Heroic Ukrainian firefighters staged a round-the-clock battle to halt a massive blaze at an industrial fuel dump after it was hit by Russian artillery.
Footage from the emergency workers in protective gear shows them tackling terrifying flames in the towering inferno during a 13-hour operation.
The blaze started at the fuel depot in the western Ukrainian city of Lviv at around 4.30pm on 26th March.
Ukrainian firefighters battled the fire until around 6.50am on 27th March.
State Emergency Service (SES) of Ukraine said in a statement on 28th March. “In Lviv, a fire was extinguished on the grounds of an industrial fuel storage company.
“Around 4.3opm on 26th March, a fire broke out in Lviv as a result of shelling on the grounds of one of the industrial fuel storage companies.
“At 5.02am on 27th March, the fire was contained. At 6.40am, it was extinguished.”
There are also new fears regarding the nuclear reactor Chernobyl, with Ukraine’s Deputy Prime Minister Iryna Vereshchuk demanding that the United Nations’ Security Council immediately demilitarise the area, claiming on Sunday that Russian forces are threatening “not only Ukraine but also hundreds of millions of Europeans” by taking large quantities of old and poorly maintained artillery to the area.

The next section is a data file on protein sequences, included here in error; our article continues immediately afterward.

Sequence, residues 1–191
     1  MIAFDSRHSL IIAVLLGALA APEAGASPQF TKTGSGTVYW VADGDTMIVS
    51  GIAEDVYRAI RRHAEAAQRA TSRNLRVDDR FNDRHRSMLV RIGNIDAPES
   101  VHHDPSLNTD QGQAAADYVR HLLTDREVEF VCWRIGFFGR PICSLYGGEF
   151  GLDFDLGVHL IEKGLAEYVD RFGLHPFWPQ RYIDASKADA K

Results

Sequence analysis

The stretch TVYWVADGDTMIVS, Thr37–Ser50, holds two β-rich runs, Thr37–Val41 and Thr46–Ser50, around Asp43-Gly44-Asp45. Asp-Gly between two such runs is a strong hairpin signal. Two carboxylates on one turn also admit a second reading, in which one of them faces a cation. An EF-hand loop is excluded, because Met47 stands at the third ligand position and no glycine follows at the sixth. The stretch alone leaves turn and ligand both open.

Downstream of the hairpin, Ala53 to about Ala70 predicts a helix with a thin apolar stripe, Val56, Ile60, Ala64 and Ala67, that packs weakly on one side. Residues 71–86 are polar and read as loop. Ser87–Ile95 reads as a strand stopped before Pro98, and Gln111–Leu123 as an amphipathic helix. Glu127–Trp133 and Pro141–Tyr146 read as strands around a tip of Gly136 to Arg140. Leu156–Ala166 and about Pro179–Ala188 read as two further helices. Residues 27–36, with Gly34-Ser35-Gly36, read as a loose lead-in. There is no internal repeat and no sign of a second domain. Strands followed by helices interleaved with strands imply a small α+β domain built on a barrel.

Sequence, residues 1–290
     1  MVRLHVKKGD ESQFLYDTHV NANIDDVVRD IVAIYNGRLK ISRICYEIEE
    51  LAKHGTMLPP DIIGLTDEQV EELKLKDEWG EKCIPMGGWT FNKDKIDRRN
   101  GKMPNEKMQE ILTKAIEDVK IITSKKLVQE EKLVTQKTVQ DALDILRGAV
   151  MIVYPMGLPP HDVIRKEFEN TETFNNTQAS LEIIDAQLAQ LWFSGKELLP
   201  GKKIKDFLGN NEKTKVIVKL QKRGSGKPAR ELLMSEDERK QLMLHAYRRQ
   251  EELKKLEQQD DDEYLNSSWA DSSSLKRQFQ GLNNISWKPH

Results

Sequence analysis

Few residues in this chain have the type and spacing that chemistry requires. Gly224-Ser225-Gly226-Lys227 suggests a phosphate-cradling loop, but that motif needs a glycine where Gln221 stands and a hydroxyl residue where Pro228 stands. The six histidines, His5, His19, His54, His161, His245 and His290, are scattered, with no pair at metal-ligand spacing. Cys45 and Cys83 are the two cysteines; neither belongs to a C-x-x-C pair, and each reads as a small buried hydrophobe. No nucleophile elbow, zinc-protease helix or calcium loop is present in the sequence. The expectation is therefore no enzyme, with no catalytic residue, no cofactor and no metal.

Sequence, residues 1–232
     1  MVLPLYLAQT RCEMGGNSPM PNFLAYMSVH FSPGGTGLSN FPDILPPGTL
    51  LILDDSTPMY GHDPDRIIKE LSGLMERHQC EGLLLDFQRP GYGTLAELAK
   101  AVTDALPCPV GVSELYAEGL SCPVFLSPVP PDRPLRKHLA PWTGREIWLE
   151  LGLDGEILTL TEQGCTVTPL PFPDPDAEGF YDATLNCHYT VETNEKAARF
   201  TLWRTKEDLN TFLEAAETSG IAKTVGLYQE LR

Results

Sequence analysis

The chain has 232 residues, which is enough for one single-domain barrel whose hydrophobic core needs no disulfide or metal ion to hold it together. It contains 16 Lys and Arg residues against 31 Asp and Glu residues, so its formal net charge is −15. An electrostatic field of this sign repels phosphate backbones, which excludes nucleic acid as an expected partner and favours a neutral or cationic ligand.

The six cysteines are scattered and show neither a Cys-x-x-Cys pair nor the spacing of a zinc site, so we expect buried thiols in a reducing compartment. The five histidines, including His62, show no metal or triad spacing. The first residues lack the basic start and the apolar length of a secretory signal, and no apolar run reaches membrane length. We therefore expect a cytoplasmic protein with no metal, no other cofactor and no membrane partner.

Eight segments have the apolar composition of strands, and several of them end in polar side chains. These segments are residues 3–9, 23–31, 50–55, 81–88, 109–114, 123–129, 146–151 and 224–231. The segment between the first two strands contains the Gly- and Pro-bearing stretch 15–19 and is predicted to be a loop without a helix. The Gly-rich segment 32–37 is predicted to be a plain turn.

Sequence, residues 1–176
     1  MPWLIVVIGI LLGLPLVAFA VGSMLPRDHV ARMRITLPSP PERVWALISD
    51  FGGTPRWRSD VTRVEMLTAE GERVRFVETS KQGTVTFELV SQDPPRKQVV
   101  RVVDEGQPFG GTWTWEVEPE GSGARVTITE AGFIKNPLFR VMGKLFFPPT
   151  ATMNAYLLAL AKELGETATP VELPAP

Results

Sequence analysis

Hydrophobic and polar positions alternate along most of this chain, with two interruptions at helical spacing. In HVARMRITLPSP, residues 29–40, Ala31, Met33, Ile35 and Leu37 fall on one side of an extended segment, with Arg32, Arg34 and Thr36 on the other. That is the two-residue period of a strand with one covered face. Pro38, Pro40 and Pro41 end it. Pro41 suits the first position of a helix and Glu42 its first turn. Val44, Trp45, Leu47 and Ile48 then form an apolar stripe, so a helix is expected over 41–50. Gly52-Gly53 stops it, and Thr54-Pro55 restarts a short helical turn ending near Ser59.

NATO, the G7, and the European Union all met last week for emergency summits. NATO Secretary-General Jens Stoltenberg said: “we need to do more, and therefore we need to invest more.”
US President Joe Biden rallied support for Ukraine at a landmark speech given in Warsaw, Poland, during which he quoted Pope John Paul II, saying: “Never, ever give up hope, never doubt, never tire, never become discouraged. Be not afraid.”
He also said: “A dictator bent on rebuilding an empire will never erase a people’s love for liberty. Brutality will never grind down their will to be free. Ukraine will never be a victory for Russia – as free people refuse to live in a world of hopelessness and darkness.”
And then he caused controversy by saying: “For God’s, this man cannot remain in power.”
This was interpreted by many as a call for Vladimir Putin to be removed from office. US Secretary of State Antony Blinken was quick to state that the White House was not actively seeking regime change in Moscow.
French President Emmanuel Macron, who has kept communication lines with Moscow open in a bid to broker a ceasefire, also distanced himself from the remarks, as did UK Secretary of State for Education Nadhim Zahawi on behalf of the UK government.